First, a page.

Dynatrace (NYSE: DT) is coming public this week. They are in the application performance (APM) space which has been around forever but becomes ever more complex as technology advances and more pieces are added into the computing mix. The challenge scales in a non-linear fashion so every so often brand new tools are needed.

In a nutshell, APM helps companies identify where the root cause of a problem is. For example, let’s say my rental car booking fails while I’m using the app on my cell phone. There are at least dozens and probably scores of systems and networks that sit between the user and the ultimate application server at the car rental company. A solution from a company like DT involves having “agents” placed at various points along the way so that performance issues can be identified and resolved. In many cases IT staff can set up the agents to provide alerts so that they don’t need to wait for end-users to experience failures. Here’s a picture of that world.

One of the first companies to come public in this area was New Relic (NEWR) which debuted on December 2014 at $23/share. The stock spent a couple of years growing into their IPO valuation and then took off with the rest of the “New Enterprise SaaS” stocks in 2017. They now change hands at $93 which is a market capitalization of $5.4B on TTM revenues of $480M.

At the very beginning of 2017 and on the eve of their IPO AppDynamics was acquired by Cisco (CSCO/APPD) for $3.7B. At the time this seemed like a decent premium to the proposed IPO valuation but with the benefit of hindsight we now know that AppDynamics would have been worth much more had they stuck with the IPO. But few predicted we would have the valuations we have today for enterprise SaaS players.

At the mid-point of the increased filing range of $13-15, the market cap of DT will be $4B on $430M of trailing revenue or about 9.3x. Based on current growth the shares will be just under 7x forward revenues. Both NEWR and SPLK are trading at just over 7x forward revenues. More on valuation below.

Dynatrace Lineage & Positioning

Dynatrace has grown out of a bunch of older products and services that were acquired, aggregated and revamped by technology-specialist PE firm Thoma Bravo. The compiling started with the acquisition of Keynote Systems in 2013 for $395M. Then in 2014 Thoma Bravo acquired Compuware for $2.5B. Compuware was a long-t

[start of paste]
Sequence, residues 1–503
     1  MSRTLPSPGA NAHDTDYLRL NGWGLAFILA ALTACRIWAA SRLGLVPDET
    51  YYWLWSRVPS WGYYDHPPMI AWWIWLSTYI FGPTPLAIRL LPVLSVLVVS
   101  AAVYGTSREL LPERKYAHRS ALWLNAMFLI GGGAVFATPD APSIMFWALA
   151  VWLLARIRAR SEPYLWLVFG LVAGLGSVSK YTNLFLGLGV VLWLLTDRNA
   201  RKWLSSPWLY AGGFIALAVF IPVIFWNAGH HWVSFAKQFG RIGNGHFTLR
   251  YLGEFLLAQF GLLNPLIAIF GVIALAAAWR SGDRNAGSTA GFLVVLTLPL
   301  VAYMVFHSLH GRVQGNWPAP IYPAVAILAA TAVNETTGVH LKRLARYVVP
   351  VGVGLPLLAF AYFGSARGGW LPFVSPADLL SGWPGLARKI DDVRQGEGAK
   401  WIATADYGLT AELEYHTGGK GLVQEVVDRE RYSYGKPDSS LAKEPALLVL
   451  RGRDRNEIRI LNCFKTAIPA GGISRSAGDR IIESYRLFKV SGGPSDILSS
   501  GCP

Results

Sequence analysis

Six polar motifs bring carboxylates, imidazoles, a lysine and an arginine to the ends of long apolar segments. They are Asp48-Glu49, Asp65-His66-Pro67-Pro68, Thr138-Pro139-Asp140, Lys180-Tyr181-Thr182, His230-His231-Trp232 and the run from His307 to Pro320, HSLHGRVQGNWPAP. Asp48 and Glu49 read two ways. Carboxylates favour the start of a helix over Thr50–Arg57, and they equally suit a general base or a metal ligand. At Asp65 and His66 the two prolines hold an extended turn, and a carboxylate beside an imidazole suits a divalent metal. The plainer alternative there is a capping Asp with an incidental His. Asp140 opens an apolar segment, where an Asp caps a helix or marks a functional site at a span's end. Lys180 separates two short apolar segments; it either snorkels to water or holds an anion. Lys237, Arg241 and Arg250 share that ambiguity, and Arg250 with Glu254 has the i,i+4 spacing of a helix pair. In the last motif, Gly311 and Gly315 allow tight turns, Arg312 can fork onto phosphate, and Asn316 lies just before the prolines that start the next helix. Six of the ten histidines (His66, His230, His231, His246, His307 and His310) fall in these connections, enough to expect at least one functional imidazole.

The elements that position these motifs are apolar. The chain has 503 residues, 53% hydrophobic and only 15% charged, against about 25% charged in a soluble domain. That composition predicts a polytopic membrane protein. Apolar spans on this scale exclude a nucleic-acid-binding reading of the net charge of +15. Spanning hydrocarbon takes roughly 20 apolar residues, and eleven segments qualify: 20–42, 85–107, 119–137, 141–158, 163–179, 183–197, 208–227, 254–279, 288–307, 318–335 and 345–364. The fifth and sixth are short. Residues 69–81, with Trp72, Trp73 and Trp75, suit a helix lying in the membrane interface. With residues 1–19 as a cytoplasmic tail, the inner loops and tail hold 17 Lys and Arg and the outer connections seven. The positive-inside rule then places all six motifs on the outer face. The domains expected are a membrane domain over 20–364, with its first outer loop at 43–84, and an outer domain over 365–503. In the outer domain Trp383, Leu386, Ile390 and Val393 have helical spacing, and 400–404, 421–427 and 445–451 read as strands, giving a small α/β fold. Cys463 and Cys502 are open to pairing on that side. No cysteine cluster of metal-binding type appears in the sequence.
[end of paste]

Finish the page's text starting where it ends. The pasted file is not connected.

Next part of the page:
ime leader in mainframe-based software management tools and Keynote systems were known for more distributed, internet-friendly software monitoring tools.

Going way back to 2005 a forerunner of the modern Dynatrace was offering their software prior to Compuware buying it. Between them, Compuware and Keynote acquired a fairly long list of smaller companies in the software management space. Ultimately elements from these companies were combined to form what is being put forwar

d as the modern Dynatrace. This is what is being spun out into the public markets today. After the IPO Thoma Bravo will still be the majority shareholder in the public company.

Despite their long history in the space the current Dynatrace product set only dates back to 2016 so it is indeed “modern” and can take handle the broad range of enterprise-based technologies and the more edgy cloud services provided by AWS, Azure, and others.

Dynatrace will proudly show anyone who cares their leadership position in the Gartner “magic quadrant” where they sit along with both AppDynamics (now Cisco) and New Relic (NEWR). Luckily for DT, there is some natural differentiation happening in the market between these three leaders.

Cisco is understandably taking AppDynamics in a more infrastructure-focused direction. Cisco has to care about the layers underneath the application layer so it makes sense that to extend AppDynamics deeper into networking. New Relic came up from the bottom of the APM space with a focus on new applications and developers. Since then New Relic has scaled up relentlessly, first into SMB customers and now into the enterprise.

In summary, the way these three leaders break out is Cisco/APPD leans towards infrastructure, New Relic leans more developer/cloud and Dynatrace is more enterprise IT/operational support. Thus this is a good market for all three. We know that both NEWR and DT are growing at ~35% and have high gross margins. It’s interesting that NEWR is still not profitable on the operating margin line despite growing from less than $100M in revenues at the time of the IPO to a $500M level today.

Customer reviews of DT are generally very positive. Most of the complaints are suggestive of young software which demands frequent updates as the company races to add features and eliminate defects. These updates have not always gone smoothly and it’s something many customers complain about. Still, they balance that with high praise for how quickly they can deploy and how helpful the software is in their environment.


Valuation & Stock Conclusion

Our PFV model suggests the shares can trade at 2x the IPO price given the very low discount rate the market is implying these days. Although at the IPO price DT would be trading in line with their most direct compare of NEWR the group is at a much higher multiple. In aggegate, the New Enterprise SaaS group is at 13.4x forward revenues. Looking at the individual names the median is 13.8x and the average is 15.1x forward revenues.

Both the PFV and the comparables suggest that DT should trade at about $28/share in the aftermarket. With so many banks on the cover, we know we can expect maximum hype and pressure on institutions to buy aggressively in the aftermarket.

One sobering thought is that when the lockup provisions come off we could see quite a bit of stock for sale from Thoma Bravo. This is something to look at again in four or five months before it’s upon us. Stay tuned for more in this space!


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